Now I’ll throw in my 2 cents for what thats worth. Having grown up close to that region I know that one of the big problems was/is that most of the land belongs to what are essentially 60 families and their relatives. It has been that way since before Simon Bolivar ejected the Spanish from the region that is now Panama, Colombia, Venezuela, Ecuador, Bolivia and Peru. Respecting the rule of Law, these people can not be disowned of their property, and why would they give it up voluntarily? I got this information from a Colombian Politician who served in the Senate in the 70’s, I have not done any research to verify the accuracy of his account, but also have no reason to doubt him.

    I don’t know what the answer is but it pains me to see a people I love and respect suffer through poverty without end. It angers me that the region is subject to so much meddling from outsiders, but that always seems to be the case in a resource rich area. I’ll now go and watch the video and may return to comment. Thank you for getting some attention for this matter. Greetings.

    Saludos desde los Países Bajos,



  4. Pingback: Latin America: Wall Street’s Worse Nightmare (Film and Review) | Tales from the Conspiratum

  5. 1. Brazil: The film makes a distinction between state/people (good) and corporations (bad), but actually the players are state/corporations vs. people which is no contest. The administrators and the “peoples’ representatives” have all been bought. The problem is the existence of an all-powerful central state.

    2. Ecuador: ” a new constitution. . . would recognize…rights…” In the US we have a “bill of rights” in the constitution. It was included over the objections of some who pointed out that if you list some rights, you imply that non-listed rights are not protected, and in fact there is a clause to that effect. Nevertheless, the chief US supreme court “justice” has recently pointed out that there is not a constitutional right to an abortion. The very idea that the government is empowered to provide us our rights is questionable. Weren’t we born with our basic rights? (as in the US declaration of independence) The constitution ought to be a document that contstitutes the government, not a document that defines peoples’ rights. Don’t we have the rights to do or say anything that doesn’t harm others, and also the right to sue those who do harm others, as on the environment. — rant over — food for thought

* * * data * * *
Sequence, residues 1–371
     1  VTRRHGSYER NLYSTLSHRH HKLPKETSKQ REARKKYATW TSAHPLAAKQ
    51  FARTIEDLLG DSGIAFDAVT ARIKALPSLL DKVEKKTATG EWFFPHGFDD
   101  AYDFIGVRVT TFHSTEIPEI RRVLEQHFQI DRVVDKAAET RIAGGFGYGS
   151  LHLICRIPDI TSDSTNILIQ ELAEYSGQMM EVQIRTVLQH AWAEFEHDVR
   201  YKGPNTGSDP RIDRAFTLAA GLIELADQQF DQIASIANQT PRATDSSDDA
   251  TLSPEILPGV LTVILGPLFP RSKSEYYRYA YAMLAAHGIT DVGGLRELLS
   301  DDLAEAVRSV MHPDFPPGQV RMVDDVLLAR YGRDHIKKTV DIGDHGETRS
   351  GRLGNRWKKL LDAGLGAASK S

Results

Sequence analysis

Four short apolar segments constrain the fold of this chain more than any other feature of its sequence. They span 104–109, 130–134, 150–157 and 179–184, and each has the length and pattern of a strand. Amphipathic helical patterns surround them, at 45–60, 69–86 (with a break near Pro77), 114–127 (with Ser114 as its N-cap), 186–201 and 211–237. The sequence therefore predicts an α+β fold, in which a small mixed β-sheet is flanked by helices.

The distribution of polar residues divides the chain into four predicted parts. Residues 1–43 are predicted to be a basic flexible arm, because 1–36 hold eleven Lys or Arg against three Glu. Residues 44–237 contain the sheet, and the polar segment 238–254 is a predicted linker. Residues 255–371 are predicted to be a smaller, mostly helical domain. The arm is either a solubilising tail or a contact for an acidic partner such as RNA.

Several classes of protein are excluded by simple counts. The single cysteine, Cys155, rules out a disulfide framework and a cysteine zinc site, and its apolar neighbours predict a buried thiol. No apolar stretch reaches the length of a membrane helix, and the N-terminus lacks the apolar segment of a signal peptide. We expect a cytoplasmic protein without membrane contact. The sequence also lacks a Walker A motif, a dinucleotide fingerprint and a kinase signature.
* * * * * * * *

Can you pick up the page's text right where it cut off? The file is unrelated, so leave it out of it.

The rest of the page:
• Interesting points, Don. When described this way, Brazil almost sounds like classic state capitalism, where capital is owned and controlled by the state, rather than private corporations. My understanding is the Bill of Rights was included in the Constitution because that was the only way they could get the states to approve it.

      I tend to be pragmatic about rights. When I look at history, I see that ordinary people have been dominated and controlled by a ruling elite for thousands of years. The only time they have had “rights” is when they have organized and fought for them. When people cease to be organized, they lose the rights.

      I know Jefferson talked about men being created equal and born with unalienable rights, but I think this was just rhetoric. He was a very learned man and was really well acquainted with the tyranny of the wealthy elite.


  6. Reblogged this on 1EarthUnited and commented:
    Thank you for sharing this information Dr. Bramhall. Latin America has been exploited for far too long, enriching the elite at the expense of the indigenous ppl. Selling out to the West for so long, the trend is reversing, Ecuador has made good progress fighting for the rights of their ppl, but constantly under threat of colored revolution, assassination and violent regime change.


    • Thanks for reblogging and the interesting link. I have just finished a review of Open Veins of Latin America, which I will post later this morning. One thing that really stands out for me is that the wealthy elite in Latin America only exists to service the needs of foreign colonizers – first Spain (Portugal in the case of Brazil), then England, then the US. It requires tremendous military might to maintain political and economic colonies. I get the impression that Obama is too busy with all his wars in the Middle East, the Philippines, Africa and Ukraine – while simultaneously trying to start a war in Russia and China – that he’s not in a position to invade Ecuador, Bolivia and Venezuela, Paraguay, Uruguay simultaneously to protect their elites.

      Liked by 1 person

      • I would have to agree with you on that point. US foreign policy is spreading thin these days, war on too many fronts and Washington is losing control. Russia and China playing it smart, sit and wait on the sideline while watching the enemy implode.